But for evidence of actually having done something, a tuner should be able to show you the number changes to the maps. A good remap should be a fairly complex job and a good remapper should have plenty to explain to you. If you don’t understand it, keep asking until you do.
Something worth remembering is to be suspicious of big power gain claims from modules or remaps without further engine work; most remaps of modern engines don’t give big power gains, so anyone claiming they do should be treated with caution. Although some module suppliers happily claim gains, so you pays yer money...
It’s also worth noting that anyone claiming to be secretive or not wanting to give away a unique technique could well be hiding a bad job (or no job at all) – remapping isn’t magic and the chances of you deciphering a ‘secret’ are remote anyway. Someone trying to hide something usually has something to hide, so be suspicious.
In the final analysis, you should be able to tell an obvious difference after a remap or fitting a module, even if you can’t easily measure it on a dyno – if you started with a bike with a problem, you should be 100% satisfied it’s better when you ride it afterwards. If the differences are so subtle you’re left wondering if it’s better or not, alarm bells should start ringing.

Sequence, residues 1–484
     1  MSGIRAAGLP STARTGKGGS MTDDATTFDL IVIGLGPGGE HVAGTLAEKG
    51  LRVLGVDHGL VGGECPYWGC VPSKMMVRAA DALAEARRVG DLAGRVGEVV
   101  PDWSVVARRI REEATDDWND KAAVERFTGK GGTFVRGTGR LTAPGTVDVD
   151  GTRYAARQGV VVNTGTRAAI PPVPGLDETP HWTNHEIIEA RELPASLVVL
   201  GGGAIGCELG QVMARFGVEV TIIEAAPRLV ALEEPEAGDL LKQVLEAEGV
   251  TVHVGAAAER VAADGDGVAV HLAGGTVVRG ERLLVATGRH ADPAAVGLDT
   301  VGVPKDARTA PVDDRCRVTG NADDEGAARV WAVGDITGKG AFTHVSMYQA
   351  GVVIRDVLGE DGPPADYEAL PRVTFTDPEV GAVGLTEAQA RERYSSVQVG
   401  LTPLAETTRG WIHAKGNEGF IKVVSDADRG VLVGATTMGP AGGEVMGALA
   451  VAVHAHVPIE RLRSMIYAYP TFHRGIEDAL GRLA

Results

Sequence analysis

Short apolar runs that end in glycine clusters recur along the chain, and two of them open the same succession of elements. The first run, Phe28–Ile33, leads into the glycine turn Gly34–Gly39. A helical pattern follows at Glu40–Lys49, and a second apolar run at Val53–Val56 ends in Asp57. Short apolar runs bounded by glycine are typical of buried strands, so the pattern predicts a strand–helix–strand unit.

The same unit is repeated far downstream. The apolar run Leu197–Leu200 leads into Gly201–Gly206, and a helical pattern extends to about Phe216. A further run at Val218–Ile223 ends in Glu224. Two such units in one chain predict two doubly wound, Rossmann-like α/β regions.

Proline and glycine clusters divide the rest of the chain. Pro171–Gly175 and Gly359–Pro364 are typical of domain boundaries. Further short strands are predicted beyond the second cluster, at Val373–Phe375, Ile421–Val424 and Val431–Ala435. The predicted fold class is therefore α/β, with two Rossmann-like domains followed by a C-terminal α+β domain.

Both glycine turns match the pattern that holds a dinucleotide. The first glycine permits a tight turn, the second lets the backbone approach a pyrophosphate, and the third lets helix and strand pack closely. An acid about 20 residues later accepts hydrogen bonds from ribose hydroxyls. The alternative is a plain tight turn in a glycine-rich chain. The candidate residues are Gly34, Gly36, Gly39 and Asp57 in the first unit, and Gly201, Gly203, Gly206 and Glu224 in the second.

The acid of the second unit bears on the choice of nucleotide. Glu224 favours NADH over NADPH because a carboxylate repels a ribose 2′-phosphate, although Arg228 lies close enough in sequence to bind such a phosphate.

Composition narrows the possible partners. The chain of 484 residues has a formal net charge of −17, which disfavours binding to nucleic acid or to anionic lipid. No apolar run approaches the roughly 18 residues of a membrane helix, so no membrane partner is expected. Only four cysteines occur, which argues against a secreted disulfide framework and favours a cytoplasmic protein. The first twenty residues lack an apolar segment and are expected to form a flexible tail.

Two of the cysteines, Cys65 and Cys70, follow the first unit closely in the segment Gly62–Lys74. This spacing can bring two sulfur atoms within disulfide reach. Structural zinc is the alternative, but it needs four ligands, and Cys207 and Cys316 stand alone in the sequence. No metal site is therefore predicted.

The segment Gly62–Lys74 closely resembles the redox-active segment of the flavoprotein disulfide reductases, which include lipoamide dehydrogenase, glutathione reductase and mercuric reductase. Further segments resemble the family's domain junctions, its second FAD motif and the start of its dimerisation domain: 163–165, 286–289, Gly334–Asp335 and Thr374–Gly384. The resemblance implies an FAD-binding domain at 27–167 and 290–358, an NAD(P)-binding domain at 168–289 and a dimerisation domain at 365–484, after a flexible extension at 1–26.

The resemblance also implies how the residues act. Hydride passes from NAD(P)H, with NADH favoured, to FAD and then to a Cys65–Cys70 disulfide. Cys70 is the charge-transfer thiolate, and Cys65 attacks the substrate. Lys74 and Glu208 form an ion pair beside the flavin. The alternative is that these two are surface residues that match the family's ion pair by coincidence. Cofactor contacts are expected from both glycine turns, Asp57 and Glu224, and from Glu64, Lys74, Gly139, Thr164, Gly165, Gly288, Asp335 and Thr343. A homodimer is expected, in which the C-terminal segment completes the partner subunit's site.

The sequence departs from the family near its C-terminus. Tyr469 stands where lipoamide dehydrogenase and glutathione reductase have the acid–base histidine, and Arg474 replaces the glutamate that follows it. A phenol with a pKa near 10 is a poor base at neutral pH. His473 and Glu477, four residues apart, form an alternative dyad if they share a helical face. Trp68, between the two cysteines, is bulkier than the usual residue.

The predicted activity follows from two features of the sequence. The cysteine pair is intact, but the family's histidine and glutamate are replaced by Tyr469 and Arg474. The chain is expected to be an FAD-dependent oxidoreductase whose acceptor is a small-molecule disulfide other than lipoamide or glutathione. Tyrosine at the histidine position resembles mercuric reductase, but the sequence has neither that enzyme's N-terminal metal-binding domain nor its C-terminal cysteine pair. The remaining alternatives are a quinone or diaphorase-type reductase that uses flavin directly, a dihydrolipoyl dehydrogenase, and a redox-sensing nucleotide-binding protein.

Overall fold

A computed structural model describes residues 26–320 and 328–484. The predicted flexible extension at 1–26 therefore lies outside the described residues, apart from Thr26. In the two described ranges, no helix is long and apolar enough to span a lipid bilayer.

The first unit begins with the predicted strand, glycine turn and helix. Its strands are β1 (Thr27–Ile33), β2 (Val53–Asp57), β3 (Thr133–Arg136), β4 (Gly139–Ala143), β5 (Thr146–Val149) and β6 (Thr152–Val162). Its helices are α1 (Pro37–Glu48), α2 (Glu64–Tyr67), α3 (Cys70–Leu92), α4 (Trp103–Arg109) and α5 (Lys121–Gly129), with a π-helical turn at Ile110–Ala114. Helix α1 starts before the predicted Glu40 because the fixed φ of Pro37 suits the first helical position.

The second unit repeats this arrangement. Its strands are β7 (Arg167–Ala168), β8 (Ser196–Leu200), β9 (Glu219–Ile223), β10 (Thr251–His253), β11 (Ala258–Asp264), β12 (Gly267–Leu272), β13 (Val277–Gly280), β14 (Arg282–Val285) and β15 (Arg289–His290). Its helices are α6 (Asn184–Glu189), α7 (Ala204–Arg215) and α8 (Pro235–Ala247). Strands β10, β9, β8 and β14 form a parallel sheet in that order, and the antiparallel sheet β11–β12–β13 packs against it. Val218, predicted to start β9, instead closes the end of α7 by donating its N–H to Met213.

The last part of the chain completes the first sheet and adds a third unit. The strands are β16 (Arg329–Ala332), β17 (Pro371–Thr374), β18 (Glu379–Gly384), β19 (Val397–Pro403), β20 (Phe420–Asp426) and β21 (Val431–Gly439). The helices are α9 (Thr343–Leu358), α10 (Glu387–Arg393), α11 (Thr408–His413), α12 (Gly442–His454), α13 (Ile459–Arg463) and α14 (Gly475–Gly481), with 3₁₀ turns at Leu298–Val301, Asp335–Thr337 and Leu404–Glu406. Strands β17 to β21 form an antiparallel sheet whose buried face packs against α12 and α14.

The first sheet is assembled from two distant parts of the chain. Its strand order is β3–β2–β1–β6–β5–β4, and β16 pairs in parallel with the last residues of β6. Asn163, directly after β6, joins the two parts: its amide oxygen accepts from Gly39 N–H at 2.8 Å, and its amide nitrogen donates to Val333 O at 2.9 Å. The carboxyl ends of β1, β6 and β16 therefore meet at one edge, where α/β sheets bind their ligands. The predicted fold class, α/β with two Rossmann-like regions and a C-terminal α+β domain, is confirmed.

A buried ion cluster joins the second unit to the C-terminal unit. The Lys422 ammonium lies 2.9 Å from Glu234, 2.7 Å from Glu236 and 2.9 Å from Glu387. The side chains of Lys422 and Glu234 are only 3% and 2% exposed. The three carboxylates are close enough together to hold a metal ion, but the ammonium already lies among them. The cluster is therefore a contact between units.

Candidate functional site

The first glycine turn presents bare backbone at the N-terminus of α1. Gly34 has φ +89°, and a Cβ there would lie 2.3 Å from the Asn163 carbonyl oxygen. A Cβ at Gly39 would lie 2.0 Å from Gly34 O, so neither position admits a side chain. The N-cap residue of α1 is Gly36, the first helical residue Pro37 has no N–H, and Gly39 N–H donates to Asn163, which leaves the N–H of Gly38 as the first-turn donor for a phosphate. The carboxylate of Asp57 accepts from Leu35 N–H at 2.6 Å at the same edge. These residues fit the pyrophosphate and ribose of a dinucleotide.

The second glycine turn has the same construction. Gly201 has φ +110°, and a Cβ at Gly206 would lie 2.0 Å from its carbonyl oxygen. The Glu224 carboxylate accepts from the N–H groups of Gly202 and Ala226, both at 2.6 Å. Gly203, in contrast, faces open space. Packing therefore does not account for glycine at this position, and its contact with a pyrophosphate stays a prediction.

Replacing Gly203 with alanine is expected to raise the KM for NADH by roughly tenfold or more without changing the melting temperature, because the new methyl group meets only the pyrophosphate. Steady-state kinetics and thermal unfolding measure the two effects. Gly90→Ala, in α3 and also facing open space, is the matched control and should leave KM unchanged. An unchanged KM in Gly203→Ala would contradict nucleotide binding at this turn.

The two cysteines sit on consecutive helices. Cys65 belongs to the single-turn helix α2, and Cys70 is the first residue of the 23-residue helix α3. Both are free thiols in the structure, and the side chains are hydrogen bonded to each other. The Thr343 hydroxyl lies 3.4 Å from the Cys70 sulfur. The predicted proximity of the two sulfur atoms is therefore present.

Word of mouth is a good place to start, but it’s not a guarantee – some remappers have had amazing reviews right up to the point they’re rumbled as being fake. In the end it comes down to having your bullshit radar on – read the remapper; if he looks and sounds like a wide-boy chancer, is evasive or secretive, tries to blind you with science or makes outlandish claims, walk away. Modesty and humility go a long way in the remapping game.
Thanks to Andy at BSD Performance in Peterborough for help and information compiling this feature. BSD offers a full remapping and race-tuning service, as well as numerous other bike services. They’ve been in business for over 20 years serving race teams, dealers, manufacturers, the press and the public alike. Their reputation is second to none.
BSD Performance is based in Eye Green near Peterborough (01733 223377 or bsd.uk.com)
Thanks also to Liam Johns at Rapid Bike, c/o Performance Parts ltd. Rapid Bike makes a full range of tuning modules of differing levels of sophistication, covering all sizes of bikes for all riding applications, from commuting to touring to racing. Visit the Rapid Bike website for more information.